If you’re working on a project involving a number of people, you’ll have to navigate through all of their personalities and working styles. It takes some practice to identify the characteristics and roles that will help to complete a project effectively: you should work to be a team member that is reliable, has a good attitude, and frankly, doesn’t annoy the crap out of people.
The best work will be done when everyone is working fluidly -- one cog out of place can stall the whole process. Be the person who helps to move the project forward, not someone who holds it back by not doing what you should, or disrupting those that have it together.
Contribute positively and you will be remembered for doing so.
— with Ronnie Palejwala, Anna Thomas, Stephanie Schneider and Julia Costa atUndergraduate Marketing Organization.
Experience is important, and for someone who is just starting out, it’s beneficial to have someone in your corner to guide you and to help you prevent the mistakes you could have made.
It’s valuable to establish such a relationship with someone you respect and admire. When I started out in a public relations agency in NYC, things were moving at 100mph. During orientation, we had met many of the Senior Executives to get an idea of who exactly was in the company. One in particular inspired me with the work he had done, and his energy really spoke to me. I made it a point to get to know him better, to tell him about myself and what I wanted to accomplish, and he shared a great deal of wisdom and tactics with me that I still use and think about to this day. When things were particularly tough in the office, I knew I could slip away for a few minutes, have a chat with him and come back recharged. While I am not at the agency anymore, we still maintain a relationship and I know if I ever need anything, he’ll be there to give me advice.
Mentors comes in various shapes and sizes: In grade school we’d call them “counselors,” in college, “advisors.” Whether it’s a professor, a colleague, or a family member, the point is to build a relationship that goes beyond professionalism to a comfortable point where you know you can speak openly and honestly. Especially when you’re growing something on your own, it’s a good feeling to know that you’ve got support coming from many sides.
— withYinka Adeyemi.
This comes naturally to me--it’s just talking, in my opinion. Go to events (Meetup is a great place to start), talk to people, see what they’re into, tell them what you’re about, exchange info and keep in touch. Simple. Even if you never see someone again, you can get some great insight from a conversation -- especially when talking to someone who is established in their field. I’ve had 10 minute conversations with strangers that have blown my mind and left me completely inspired.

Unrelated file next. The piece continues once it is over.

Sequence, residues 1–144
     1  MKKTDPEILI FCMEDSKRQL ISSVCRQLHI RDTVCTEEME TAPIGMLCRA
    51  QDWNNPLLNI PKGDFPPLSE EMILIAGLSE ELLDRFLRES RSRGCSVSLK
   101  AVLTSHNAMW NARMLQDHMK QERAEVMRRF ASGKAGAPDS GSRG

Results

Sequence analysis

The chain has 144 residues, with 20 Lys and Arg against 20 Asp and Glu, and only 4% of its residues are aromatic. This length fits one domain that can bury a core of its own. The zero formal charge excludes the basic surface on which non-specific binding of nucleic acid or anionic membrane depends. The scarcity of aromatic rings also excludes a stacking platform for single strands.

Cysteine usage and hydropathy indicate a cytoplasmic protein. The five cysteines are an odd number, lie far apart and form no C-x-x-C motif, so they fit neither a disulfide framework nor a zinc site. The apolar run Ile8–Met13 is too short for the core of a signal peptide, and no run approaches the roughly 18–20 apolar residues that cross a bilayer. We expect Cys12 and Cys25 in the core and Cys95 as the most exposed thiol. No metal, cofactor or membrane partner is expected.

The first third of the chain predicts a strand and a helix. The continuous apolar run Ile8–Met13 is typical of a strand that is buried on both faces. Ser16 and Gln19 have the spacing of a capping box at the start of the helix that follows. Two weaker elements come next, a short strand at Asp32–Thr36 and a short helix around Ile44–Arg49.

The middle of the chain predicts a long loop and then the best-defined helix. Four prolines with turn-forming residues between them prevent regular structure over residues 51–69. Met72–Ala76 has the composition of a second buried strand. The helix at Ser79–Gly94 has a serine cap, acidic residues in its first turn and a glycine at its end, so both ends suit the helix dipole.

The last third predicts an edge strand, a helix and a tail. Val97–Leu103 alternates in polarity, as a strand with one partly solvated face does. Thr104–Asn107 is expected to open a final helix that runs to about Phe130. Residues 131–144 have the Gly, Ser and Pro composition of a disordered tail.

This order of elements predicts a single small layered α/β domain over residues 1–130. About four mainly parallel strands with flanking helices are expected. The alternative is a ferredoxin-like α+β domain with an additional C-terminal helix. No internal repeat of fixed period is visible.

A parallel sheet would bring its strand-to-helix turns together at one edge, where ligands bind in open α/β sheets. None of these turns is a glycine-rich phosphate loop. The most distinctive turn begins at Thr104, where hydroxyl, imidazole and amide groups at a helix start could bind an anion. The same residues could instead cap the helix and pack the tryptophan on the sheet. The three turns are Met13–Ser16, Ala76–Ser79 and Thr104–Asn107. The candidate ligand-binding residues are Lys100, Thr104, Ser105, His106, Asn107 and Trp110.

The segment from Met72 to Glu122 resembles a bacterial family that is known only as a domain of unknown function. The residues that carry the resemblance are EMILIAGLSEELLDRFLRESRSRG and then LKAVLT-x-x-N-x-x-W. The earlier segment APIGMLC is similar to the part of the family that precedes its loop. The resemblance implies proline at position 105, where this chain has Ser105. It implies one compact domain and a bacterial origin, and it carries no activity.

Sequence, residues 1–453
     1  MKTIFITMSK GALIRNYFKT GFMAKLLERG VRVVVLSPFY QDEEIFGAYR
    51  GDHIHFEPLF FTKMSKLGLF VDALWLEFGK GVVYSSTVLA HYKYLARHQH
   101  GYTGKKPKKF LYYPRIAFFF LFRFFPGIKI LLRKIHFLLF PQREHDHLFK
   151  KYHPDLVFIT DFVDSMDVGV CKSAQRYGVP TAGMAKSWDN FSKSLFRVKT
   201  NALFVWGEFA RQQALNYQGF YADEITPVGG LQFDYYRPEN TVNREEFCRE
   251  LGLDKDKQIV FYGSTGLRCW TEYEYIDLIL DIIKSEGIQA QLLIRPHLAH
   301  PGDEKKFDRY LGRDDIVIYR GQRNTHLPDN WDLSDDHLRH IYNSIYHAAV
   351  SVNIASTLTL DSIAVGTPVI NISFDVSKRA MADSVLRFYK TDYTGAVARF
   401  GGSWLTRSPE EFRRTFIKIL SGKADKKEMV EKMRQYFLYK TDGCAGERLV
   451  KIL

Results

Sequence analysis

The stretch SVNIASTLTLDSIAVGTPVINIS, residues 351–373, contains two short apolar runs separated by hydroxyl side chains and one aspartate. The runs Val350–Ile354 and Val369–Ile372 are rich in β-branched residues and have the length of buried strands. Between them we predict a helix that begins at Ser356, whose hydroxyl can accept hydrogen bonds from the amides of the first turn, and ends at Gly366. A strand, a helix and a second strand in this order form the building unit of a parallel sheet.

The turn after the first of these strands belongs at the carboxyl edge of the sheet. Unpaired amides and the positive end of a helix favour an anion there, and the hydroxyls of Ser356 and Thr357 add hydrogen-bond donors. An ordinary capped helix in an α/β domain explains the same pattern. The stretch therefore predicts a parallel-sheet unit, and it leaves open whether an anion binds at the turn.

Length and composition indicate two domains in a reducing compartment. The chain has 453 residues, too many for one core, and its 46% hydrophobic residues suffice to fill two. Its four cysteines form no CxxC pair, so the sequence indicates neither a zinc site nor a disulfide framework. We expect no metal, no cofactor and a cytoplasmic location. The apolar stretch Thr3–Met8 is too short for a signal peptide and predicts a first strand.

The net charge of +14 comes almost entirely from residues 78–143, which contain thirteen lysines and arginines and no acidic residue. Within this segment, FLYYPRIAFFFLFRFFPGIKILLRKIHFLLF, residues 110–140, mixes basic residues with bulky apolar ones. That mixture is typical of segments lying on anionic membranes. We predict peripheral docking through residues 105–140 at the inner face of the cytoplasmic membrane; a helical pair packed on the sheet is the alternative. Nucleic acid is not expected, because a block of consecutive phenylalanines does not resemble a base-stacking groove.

Professionally, I’ve recognized that it is majorly beneficial to have an inside connection when you’re applying for a position or landing an account. The more you put yourself out there, the higher the chances for your success. Every encounter is an opportunity if you care to think of it that way, so go! Keep current~Know what’s happening~
— with Stacey Bendet.
This is a big one in terms of new business. I’ve been pitched projects that I either didn’t have the technical ability for or the time to complete. That doesn't mean you just say “No”. That means you figure out how to get it done with the resources you have.
One project that comes to mind, appropriately for #tbt, is with Project ESPER. I was recruited on the second round of the Verizon Powerful Answers Award with Tabula Rasa VN, and tasked with producing a video explaining the overall concept of the developed idea. I don’t generally create videos, and so I recruited some talented peers who, like me, are always interested in new and interesting collaborations. We had a crazy deadline with shifting parameters but we got it done, and I couldn’t have without my awesome team.
This was a nice stretch for me in terms of the hats I had to wear: actor, voice actor, screenwriter, video editor, director and project manager. Shared is the animated portion of the video, made possible by Julian Rowe (Animation), Alfred Rylands (Original Music & Audio Editing) and Alex Zimmer (Video Editing).
— with Julian Rowe and 4 others.